Judith and Miroslav turn to the story of the Prodigal Son in which the real sinner was the older brother who withheld an embrace of his fallen and then forgiven younger brother. The older brother's sense of purity expected exclusion. Volf writes, "Sin is the refusal to embrace others in their otherness and a desire to purge them from one's world by ostracism or oppression, deportation or liquidation . . . (and ultimately) the exclusion of others is the exclusion of God." (Judith M. Gundry-Volf and Miroslav Volf, A Spacious Heart, Harrisburg, PA., Trinity Press International, 1997, p. 49).

In the name of Christ, there are all too many who exclude God by their practice of excluding others. Some of you in this room have suffered exclusion in such a way as this. This exclusion is centered in beliefs that don't fit into particular definitions of purity. Using the words of "Sin" and "Sinner" - words which actually include each one of us - whole systems of exclusion are established and executed effectively and efficiently. Grace evaporates. Forgiveness becomes conditional. The God of these systems is not God at all.

When I see this, I become self-righteous, too. I get angry and say, "How could they exclude others? What right do they have? And how does this reflect the love of Christ?" But, all wrapped up in my self-righteousness, God taps me on the shoulder and reminds me that exclusivity runs through our congregational bloodstream. Remember the Massachusetts Puritans of the 17 th Century?! Ostracism and oppression were practices of our faith once. In 1660, Mary Dyer, a Quaker freethinker, was hanged on Boston Commons by Puritans. The Puritans called her a heretic when she dissented from their theology, morality, and politics. Before she died, she declared, "Truth is my authority, not some authority my truth." Sounds like Jesus to me.

As we look at our lives and the world in which we live, each of us needs to ask: "How am I excluding others? Who am I excluding?" Like Peter facing Cornelius, we need to say, "Surely God shows no partiality." Who am I to exclude when God does not?

We in the church have practiced purity over inclusivity. Forgiven, redeemed, and risen with Christ, I invite you to walk out of the empty tomb of exclusion and step into the brilliant light of inclusion. On this most extraordinary Easter Day, remember that to exclude others is to exclude God! Embrace inclusion as a moral issue.

Finally, Finding our "Home" is a moral value. The Risen Christ tells the women to pass on this message to his disciples - "Meet me in Galilee ." What does this mean to you? It seems to serve as a coded message. If I said to you, "Meet me in Tuscaroras County ," Or "meet me in Portage County ," or "meet me at Lakeside " - would you know where to go for our rendevous? Of course not! But, my wife and children would know where to go! We have traveled together. We have roots in these places. We have shared experiences there.

The disciples knew that "Meet me in Galilee " was shorthand for Peter's house, or Capernaum , or a specific location somewhere by the seaside! They knew how and where to reconnect if they became separated. Galilee was far from Jerusalem . It was rural. It was on the outskirts. And, Galilee was home - home to all the disciples except Judas.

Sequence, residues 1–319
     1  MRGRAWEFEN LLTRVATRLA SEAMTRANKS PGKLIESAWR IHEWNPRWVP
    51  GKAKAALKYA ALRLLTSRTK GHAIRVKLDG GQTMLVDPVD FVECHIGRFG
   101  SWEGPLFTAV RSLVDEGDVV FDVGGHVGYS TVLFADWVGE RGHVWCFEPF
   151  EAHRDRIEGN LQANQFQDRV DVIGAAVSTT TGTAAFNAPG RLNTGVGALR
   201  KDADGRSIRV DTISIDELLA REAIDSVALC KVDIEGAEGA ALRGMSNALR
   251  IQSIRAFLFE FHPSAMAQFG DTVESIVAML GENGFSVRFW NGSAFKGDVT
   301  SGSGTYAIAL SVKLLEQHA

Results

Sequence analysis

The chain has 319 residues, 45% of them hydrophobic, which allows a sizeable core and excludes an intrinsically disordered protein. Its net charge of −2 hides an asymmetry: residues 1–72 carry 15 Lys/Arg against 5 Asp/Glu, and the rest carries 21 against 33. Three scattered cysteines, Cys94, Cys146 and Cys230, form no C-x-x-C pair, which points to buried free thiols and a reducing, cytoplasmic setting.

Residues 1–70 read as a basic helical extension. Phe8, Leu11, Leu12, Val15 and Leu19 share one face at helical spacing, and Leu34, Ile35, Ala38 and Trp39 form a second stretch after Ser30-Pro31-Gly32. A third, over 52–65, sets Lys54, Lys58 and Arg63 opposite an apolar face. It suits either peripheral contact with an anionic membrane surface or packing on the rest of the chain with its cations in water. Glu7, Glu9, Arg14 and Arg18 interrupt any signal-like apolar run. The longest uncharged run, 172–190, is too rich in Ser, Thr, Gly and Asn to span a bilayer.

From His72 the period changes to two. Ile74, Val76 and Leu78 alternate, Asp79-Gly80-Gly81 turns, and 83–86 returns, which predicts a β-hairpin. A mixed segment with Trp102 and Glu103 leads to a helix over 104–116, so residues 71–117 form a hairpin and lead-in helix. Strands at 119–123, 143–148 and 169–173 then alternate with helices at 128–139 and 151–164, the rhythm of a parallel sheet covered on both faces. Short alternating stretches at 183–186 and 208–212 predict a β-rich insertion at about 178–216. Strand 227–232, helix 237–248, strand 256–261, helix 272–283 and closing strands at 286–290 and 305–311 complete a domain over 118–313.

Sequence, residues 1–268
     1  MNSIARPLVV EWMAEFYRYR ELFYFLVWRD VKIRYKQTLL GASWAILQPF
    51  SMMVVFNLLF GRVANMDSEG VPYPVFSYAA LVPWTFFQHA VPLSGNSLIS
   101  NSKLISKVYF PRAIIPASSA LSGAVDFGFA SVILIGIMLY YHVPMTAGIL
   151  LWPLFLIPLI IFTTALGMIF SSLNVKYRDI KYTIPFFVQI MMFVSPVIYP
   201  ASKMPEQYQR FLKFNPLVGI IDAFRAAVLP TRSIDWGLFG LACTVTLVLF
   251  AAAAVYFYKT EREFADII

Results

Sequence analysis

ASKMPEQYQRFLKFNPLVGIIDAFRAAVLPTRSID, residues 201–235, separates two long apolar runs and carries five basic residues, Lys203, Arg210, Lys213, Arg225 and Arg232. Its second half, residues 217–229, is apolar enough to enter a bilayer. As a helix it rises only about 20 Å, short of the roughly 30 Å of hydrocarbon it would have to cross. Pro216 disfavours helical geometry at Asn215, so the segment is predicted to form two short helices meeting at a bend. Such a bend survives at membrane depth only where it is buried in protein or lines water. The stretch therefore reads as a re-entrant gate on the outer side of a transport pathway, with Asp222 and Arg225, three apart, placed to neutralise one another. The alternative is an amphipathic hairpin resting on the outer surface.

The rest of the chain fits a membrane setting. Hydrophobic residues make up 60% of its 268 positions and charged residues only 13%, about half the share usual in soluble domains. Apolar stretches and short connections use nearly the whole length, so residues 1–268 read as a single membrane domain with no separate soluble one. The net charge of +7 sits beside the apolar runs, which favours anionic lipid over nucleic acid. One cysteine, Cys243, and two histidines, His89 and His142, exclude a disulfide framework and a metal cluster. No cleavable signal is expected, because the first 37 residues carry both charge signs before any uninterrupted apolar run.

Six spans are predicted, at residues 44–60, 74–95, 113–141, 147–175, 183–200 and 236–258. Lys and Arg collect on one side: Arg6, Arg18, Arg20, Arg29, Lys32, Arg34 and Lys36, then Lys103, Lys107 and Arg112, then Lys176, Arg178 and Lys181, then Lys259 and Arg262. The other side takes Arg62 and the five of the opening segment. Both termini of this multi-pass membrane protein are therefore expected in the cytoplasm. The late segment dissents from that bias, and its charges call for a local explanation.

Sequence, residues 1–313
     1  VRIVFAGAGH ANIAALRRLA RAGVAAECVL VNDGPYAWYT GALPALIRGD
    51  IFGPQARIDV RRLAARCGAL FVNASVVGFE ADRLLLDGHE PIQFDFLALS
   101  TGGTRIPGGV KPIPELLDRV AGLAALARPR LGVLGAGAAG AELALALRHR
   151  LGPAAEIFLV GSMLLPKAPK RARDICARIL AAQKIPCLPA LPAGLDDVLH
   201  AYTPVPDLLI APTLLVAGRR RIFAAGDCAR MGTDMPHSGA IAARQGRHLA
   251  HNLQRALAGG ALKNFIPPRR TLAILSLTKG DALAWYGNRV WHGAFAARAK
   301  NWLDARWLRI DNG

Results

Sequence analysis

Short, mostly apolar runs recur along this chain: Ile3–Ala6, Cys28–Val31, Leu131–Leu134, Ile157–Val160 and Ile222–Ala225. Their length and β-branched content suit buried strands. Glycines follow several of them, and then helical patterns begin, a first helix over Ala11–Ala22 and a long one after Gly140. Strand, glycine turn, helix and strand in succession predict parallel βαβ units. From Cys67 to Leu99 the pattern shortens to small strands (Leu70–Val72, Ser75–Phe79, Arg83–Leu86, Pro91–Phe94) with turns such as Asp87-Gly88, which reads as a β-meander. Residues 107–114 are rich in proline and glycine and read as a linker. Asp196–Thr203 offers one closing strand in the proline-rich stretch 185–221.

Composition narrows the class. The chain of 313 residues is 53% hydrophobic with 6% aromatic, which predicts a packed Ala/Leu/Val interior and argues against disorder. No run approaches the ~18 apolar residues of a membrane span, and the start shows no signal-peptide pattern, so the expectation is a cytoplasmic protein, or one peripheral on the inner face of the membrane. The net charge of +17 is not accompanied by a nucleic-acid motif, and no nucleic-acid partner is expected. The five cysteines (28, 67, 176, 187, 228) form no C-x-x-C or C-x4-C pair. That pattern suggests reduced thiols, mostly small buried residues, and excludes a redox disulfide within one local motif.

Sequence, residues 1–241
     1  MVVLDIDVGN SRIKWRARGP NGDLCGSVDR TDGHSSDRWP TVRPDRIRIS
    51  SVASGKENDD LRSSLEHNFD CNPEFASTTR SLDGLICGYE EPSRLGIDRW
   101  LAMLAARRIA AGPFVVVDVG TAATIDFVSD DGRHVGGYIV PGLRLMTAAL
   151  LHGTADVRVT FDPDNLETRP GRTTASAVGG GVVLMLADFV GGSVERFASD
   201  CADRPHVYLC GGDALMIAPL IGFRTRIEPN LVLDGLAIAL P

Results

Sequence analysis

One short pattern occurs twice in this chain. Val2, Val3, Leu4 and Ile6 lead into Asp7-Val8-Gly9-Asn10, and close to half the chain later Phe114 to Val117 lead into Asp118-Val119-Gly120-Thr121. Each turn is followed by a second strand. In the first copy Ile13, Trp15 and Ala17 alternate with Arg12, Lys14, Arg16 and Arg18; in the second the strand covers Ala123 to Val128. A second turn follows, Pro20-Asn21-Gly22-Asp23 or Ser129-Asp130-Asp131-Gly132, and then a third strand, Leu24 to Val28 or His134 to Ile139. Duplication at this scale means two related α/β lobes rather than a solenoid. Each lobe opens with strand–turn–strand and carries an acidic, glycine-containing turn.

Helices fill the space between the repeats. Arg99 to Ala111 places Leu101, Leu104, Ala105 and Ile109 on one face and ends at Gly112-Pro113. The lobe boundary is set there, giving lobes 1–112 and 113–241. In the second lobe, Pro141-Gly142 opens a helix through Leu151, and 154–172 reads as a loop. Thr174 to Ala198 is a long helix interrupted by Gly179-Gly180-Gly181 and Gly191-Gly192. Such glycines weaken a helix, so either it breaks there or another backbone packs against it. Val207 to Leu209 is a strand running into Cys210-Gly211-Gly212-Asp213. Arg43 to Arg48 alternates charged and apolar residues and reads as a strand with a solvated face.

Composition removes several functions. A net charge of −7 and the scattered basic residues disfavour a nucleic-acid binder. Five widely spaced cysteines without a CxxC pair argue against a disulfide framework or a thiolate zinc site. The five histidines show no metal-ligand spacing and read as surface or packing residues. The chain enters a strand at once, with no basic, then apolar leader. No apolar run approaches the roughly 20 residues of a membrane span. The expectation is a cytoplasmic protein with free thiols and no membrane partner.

You see, we find our home in God on the outskirts . We find our center in God, away from the flurry of activity and the bustle of life! We go to our Galilees to reconnect with God and with loved ones. Where is your Galilee ? Where is the place you go to commune with God on the outskirts? There you will find your home.

Coming out of the Holocaust, Jews tell stories of "The righteous gentiles." "Righteous Gentiles" were Christian men and women who hid Jews and transported them to freedom and thus saved thousands of lives. Studies have been done on these ordinary people who risked their lives to do extraordinary acts of mercy and love. There were only two common traits among all the "Righteous Gentiles." First, they were people who looked Jews "in the eyes and made immediate decisions to help." In other words, they had face-to-face encounters with those whose lives were in immediate and immanent danger. They were not necessarily neighbors. In fact, there are horrific stories of locked doors and turning neighboring Jews away when they came for help. But, the righteous ones looked them in the eyes and opened their doors.

Secondly, all those who helped were people "on the outskirts." Perhaps they lived on the outside of town. But, they definitely were people outside the power structures, or outside the local religious or civic leadership circles. They were outsiders in some way, shape, or form. Like the Righteous Gentiles, the Risen Rabbi of Nazareth understood the power of looking into stranger's eyes and making immediate decisions to save them. He also understood that the Galilees of this world are people and places "on the outskirts" - where transformation and salvation happen!

So, what does it mean to go to Galilee ? It means to go home to God! Galilee is the place of call and the place of compassion. While home may be where we were born and raised, this is not necessarily so. Home is where we are loved and taken in. Home is where moral values are lived and not simply given lip service.

Home is where God's Grace is actualized. Home is where Love abides. Home is where Gratitude guides lives of generosity and kindness. Home is where Justice is practiced. Home is where Forgiveness leads us of brokeness and hate. Home is where Christ in his passion meets us and guides us through suffering to glory. When the Risen Christ says, "Meet me in Galilee ," he is calling us come home.

In the time ahead, we will continue to hear the expression, "moral values" delivered from the lips and pens of those who wish for us to follow a certain set of issues they deem moral. Whenever you hear Moral Values, ask: "Whose Values and Which Values?" I trust the answer to whose values will be the values of Jesus Christ. The answer to which values will be: Values which embrace and embody grace, love, gratitude, justice, forgiveness, passion, and inclusive, resurrected, and values of heart found at home in our Risen Savior. Amen.

 

Copyright 2005, The First Congregational Church